The local hospital was looking for an apartment for long term rental for any visiting locums, doctors filling in temporarily for others that were away for one reason or another. And they were willing to give us a price for everything we wanted to get rid of in the place…art, camping equipment, cutlery, dishes, etc. That way the visiting doctors could step into an apartment that would have most of what they needed on a day to day basis. OMG, how lucky was that? We walked around the place and made a price list for everything we owned. When the hospital representative arrived the next morning they agreed to pay us the asking price for all our “stuff”, lock, stock and barrel. It was as easy as that! No garage sale, no cleaning up, no packing. We left the next week, with a couple suitcases each, to our new home in China, where we have been ever since.

So now I am free, free at last. No property and no stuff. Oh, I get the occasional desire to buy something but it soon goes away. It will always be in my memory; I don’t need the physical object. I can move anytime and anywhere without worrying about the hordes of belongings most people have. And to think that some people actually rent storage space to put stuff away for the long term. What the hell? I am so far past that point that I cannot return.

So is my obsession with collecting and owning things totally gone forever? Not really. But now it takes place in the virtual world of Second Life. I have been actively involved in this virtual world for several years. I have a large island property and a modern house filled with virtual ceramics, paintings, and sculptures. I own several cars and a large yacht for exploring the oceans and continents of this virtual reality. At last count, I had over 12,000 items in my “inventory”. I can buy things, create things and throw away things. But when I turn off my computer, it’s gone. There is no mess, no fuss and I can access it from anywhere in the real world at the touch of a keyboard!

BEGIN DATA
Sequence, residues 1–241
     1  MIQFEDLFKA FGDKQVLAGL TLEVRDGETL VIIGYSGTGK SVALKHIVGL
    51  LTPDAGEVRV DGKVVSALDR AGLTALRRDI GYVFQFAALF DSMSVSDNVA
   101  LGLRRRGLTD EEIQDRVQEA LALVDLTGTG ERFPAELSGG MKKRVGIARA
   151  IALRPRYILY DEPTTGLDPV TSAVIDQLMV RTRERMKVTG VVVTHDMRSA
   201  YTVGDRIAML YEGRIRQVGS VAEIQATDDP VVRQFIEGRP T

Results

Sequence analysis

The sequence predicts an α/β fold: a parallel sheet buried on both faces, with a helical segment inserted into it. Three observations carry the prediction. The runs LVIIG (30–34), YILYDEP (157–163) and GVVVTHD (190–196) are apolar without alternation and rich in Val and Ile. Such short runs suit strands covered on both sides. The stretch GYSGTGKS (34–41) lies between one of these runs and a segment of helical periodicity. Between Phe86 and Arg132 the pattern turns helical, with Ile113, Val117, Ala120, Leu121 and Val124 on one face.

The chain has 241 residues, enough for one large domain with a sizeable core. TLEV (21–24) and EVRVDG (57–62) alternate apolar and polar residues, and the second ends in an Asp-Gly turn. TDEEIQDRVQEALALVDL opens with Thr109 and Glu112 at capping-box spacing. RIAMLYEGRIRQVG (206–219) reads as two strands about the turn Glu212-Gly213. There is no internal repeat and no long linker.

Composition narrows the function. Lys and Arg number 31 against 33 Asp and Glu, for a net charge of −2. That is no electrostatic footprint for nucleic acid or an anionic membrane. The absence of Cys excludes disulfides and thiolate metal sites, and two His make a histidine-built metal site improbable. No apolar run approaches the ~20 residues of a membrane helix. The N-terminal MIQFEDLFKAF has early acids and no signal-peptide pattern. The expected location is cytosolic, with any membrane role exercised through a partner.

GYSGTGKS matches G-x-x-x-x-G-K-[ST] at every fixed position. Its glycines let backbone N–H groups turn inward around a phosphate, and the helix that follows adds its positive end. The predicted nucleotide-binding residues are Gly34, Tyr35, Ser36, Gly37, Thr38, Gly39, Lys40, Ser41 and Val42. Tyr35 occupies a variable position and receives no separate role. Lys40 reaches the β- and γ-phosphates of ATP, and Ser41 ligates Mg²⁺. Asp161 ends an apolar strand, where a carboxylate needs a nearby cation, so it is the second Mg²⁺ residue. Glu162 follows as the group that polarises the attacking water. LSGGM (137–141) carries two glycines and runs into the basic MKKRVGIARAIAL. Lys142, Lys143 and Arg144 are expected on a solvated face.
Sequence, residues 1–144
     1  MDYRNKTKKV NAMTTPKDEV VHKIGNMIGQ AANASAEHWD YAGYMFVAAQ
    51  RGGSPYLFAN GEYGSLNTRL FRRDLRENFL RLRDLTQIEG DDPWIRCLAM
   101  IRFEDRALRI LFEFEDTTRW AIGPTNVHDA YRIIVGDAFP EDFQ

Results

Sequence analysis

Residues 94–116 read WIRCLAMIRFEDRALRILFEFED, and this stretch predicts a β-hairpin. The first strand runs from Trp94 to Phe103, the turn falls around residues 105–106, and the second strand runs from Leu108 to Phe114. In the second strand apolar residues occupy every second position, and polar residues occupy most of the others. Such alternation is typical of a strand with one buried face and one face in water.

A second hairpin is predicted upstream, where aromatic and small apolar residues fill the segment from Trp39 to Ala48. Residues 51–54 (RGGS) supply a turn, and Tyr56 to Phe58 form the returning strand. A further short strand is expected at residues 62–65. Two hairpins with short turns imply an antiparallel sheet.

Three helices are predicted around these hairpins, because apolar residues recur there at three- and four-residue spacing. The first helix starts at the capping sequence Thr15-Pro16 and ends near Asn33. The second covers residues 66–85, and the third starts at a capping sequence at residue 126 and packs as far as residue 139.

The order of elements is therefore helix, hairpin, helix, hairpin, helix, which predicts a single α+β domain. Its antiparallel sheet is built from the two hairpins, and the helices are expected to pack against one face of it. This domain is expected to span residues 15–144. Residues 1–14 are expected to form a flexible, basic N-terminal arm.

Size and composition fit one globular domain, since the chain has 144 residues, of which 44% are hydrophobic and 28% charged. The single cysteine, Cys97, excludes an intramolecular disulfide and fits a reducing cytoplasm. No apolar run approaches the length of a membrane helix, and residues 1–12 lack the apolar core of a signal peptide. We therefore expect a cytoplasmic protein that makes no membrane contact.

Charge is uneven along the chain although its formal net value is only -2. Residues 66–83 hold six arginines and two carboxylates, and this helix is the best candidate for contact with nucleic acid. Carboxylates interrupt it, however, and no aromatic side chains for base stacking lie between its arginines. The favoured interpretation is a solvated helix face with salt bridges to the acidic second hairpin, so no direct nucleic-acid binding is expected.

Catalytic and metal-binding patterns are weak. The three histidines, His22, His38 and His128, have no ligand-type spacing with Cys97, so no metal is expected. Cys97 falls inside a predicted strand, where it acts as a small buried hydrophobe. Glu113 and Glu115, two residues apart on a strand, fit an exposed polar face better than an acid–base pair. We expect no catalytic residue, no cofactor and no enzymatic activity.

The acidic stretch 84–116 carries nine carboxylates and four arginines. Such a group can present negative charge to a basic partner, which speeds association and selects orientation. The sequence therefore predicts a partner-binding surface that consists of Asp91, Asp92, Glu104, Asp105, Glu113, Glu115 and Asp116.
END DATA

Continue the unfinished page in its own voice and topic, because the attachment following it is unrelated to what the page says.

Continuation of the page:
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    • Marisa Wright profile image

      Kate Swanson 6 years ago from Sydney

      Second Life? Ah, maybe I need to get my husband into that!

      I'm not a collector or a hoarder. In fact, I'm probably inclined to get rid of uesful things a bit too easily - then a year later, I'm thinking, "now where did I put that...?"

      My husband is quite the opposite. He has far more books, CD's and DVD's than he could ever read in the rest of his lifetime. He freely admits his collection has become a millstone round his neck - because he'd love to travel - but he can't bear to get rid of it.

    • Steve LePoidevin profile image

      Steve LePoidevin 6 years ago from Thailand

      Thanks for stopping by. I just looked around my office. I need to go and throw away a few more things. The nice thing about China is whatever is put beside the garbage can outside disappears quickly if it is still useful to someone else.

    • alipuckett profile image

      alipuckett 6 years ago

      'Stuff' can weight you down in more ways than one. I recently cleaned out my entire house and got rid of a lot. I figure, if I haven't used it, touched it or thought about it in 2 years, I didn't need it. Worked for me! Great hub. Thanks for sharing your story!

    • SomewayOuttaHere profile image

      SomewayOuttaHere 6 years ago from TheGreatGigInTheSky

      kewl!...i have too much stuff........

    • NayNay2124 profile image

      NayNay2124 6 years ago

      We never realize how much stuff we have until we move. I moved a couple of years ago and the stuff we accumulated over the years was unbelievable. I have also learned to get rid of stuff. My husband on the other hand can't part with anything. Good hub. Voted up.